Leon Hadar: Iraq: The Shape of Things to Come


From One State to Three “Virtual States”
If only grandmother had four wheels: If you believe the front-page report from Iraq in Thursday’s Wall Street Journal that “U.S. opens door for big pullback in Iraq next year,” then I’ll sell you a bridge over the Euphrates. The news from Baghdad, highlighting one of those “surprise visits” by the Secretary of the Department of Regime Change, Donald Rumsfeld to Baghdad, quotes him and U.S. Commander in Iraq George Casey saying, suggesting, implying and hinting that the U.S. was laying the groundwork for a “substantial” withdrawal next spring. Mm… Let me see. Isn’t that when the midterm election campaigns are beginning to gain momentum? In any case, Casey, according to the Journal added several conditions or “qualifications,” stressing that the U.S. military in Iraq would be able to take those “substantial reductions” if “the political process continues to go positively” and if “the development of the security forces continues to go as it is going [and how is it going? LH],” while Rumsfeld, according to the New York Times, said that troop withdrawal “hinged” on the following: The size and strength of the insurgency; the level of cooperation from Syria and Iran; the ability of the Iraqi security forces; Iraqi public support for the new government; and, oh, yes, on whether Courtney Love and Paris Hilton join a convent… Which recalls an old Jewish saying: If my grandmother had four wheels, she would be a carriage… And not to forget that the Bush Administration had already been able to fool Congress and others with the commitment to pursue diplomacy and not to go to war against Iraq “if” Saddam would only did this or that. So don’t hold your breath. American troops will be “over there” for many years to come, and I’m not talking here about the new FX series (BTW, thumbs down for that show as far as I’m concerned; I would have switched to “CSI: NY” but it was a repeat).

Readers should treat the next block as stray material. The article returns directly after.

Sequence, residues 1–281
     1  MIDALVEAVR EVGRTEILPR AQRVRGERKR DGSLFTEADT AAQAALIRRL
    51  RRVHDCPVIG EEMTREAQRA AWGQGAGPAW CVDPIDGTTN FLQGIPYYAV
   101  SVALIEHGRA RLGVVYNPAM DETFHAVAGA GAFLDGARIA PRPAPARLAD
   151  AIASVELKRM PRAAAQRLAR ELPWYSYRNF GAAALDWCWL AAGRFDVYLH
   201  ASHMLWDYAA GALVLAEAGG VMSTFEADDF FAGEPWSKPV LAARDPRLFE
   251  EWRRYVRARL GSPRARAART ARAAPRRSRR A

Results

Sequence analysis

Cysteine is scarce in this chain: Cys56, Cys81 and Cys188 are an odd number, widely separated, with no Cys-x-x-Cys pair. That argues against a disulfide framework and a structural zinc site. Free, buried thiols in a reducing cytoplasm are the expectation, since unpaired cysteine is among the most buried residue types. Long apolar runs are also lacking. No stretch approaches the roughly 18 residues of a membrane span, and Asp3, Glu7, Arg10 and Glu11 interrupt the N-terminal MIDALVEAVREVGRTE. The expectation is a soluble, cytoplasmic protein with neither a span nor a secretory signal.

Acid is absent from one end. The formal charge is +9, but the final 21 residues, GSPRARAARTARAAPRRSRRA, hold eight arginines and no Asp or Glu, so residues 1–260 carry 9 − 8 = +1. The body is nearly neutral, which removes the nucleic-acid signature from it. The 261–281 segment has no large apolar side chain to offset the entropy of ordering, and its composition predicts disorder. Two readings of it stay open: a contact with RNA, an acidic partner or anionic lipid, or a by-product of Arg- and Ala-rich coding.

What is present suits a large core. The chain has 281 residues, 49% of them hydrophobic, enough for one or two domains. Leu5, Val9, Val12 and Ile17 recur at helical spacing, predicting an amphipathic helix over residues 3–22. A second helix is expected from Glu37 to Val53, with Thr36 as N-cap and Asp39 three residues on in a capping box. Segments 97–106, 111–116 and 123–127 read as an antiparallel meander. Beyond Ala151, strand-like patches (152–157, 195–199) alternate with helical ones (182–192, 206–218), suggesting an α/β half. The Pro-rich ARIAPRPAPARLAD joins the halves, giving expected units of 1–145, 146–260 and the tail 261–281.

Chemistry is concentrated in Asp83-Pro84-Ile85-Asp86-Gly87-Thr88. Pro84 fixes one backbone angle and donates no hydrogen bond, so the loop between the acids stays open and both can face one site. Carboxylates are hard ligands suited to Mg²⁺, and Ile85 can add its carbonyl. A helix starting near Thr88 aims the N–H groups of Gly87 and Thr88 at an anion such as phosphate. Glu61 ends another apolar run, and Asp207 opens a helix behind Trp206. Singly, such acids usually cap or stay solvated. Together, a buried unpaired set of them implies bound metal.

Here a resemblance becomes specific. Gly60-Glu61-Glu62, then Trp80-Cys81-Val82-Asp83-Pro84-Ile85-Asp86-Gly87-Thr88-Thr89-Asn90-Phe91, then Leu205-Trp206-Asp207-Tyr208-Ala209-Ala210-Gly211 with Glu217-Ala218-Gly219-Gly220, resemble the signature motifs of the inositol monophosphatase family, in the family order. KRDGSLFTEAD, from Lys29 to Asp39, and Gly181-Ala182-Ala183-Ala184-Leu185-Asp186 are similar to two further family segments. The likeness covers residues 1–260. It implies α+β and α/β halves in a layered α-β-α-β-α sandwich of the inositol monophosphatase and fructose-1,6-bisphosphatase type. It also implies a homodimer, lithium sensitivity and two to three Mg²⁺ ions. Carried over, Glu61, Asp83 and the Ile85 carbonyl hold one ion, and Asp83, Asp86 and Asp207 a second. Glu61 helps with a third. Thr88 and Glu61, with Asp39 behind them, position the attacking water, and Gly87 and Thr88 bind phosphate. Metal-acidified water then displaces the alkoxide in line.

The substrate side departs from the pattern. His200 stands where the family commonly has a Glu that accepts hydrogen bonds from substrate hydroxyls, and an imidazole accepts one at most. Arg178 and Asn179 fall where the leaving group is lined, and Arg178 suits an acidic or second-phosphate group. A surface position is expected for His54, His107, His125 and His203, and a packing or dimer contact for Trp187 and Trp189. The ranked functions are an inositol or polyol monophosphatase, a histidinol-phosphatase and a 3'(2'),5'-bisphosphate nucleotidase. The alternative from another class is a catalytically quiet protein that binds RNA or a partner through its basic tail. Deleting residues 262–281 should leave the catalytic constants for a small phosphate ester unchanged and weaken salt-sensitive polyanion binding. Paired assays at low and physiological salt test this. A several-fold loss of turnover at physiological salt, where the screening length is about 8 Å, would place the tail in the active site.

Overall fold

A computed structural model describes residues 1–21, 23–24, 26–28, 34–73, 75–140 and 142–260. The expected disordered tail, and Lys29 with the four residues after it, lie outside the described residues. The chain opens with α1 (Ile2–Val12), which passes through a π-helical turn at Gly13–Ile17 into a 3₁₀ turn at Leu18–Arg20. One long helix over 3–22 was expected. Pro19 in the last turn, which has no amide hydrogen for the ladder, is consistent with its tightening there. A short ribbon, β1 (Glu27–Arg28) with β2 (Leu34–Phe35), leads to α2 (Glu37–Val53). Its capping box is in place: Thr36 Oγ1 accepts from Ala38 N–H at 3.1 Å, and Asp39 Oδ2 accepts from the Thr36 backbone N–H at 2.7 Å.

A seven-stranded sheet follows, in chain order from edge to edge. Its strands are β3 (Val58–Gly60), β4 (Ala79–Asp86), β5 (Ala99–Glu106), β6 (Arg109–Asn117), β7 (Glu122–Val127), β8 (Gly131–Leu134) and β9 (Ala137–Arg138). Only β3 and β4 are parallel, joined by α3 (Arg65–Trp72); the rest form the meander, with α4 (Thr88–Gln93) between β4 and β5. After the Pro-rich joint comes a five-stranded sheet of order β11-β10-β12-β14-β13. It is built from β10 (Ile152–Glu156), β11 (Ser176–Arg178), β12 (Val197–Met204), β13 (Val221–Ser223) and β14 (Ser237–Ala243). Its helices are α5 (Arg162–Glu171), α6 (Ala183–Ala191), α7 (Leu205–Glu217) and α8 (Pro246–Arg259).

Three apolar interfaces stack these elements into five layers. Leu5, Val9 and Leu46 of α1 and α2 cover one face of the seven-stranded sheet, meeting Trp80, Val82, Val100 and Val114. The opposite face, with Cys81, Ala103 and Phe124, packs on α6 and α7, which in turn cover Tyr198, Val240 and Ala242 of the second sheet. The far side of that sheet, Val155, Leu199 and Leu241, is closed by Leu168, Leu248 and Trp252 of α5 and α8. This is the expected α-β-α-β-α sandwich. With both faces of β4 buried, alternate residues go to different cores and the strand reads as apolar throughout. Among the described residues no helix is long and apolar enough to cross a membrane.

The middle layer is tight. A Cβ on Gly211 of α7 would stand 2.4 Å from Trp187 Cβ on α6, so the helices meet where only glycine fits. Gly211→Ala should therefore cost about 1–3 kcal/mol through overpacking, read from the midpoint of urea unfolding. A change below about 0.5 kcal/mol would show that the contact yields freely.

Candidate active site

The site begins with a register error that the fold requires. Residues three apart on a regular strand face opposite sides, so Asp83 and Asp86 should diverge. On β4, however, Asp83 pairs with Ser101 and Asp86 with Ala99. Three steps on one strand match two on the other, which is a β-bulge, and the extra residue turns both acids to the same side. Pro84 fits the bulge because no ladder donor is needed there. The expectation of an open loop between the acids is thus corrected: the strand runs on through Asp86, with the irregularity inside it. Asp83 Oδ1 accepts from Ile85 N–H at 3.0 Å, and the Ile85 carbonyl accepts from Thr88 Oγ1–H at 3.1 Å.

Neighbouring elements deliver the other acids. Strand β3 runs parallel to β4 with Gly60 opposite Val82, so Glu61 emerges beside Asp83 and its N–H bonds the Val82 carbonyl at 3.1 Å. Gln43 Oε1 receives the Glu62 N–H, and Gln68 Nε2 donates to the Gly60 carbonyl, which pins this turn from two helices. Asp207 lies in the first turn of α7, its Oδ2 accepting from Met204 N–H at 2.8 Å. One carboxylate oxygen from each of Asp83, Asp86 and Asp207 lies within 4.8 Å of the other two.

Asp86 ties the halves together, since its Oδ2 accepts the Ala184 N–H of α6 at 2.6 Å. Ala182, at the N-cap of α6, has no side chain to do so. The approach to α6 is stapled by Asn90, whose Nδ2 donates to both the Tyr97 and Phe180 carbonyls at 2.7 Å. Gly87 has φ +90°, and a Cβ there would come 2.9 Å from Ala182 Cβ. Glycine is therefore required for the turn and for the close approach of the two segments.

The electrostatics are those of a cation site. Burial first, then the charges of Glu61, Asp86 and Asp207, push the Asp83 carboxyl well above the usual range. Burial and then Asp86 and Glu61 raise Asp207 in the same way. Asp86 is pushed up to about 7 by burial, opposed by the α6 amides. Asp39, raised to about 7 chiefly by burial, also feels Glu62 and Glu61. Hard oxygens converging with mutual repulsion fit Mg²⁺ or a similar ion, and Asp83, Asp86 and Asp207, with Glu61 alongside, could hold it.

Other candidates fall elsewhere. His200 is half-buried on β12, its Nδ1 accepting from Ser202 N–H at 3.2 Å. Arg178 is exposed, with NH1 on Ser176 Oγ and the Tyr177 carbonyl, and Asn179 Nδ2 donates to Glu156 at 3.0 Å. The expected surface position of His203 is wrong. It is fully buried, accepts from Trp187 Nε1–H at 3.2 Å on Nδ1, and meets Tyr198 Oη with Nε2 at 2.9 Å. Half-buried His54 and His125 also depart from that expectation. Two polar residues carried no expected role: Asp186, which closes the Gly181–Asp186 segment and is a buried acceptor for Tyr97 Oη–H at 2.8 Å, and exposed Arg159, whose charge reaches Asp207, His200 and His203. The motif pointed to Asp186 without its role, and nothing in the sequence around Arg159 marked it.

Here is what’s going to happen in Iraq: First, neither the Americans nor the insurgents are going to win a ‘victory’ in Iraq. Second, a political ‘solution’ to Iraq that would maintain its territorial integrity under a central government is not a realistic option. American policymakers should consider the above as political axioms and come up with an interim agreement that could provide Iraq with an opportunity to bring some stability to the country and begin its economic reconstruction. So the best-case-scenario should be based on the recognition that the least costly option will be to freeze the status quo in which Iraq is gradually being divided into three mini-states — a mostly Kurdish region in the north, a mostly Shiite area in the south, and the Sunni Triangle .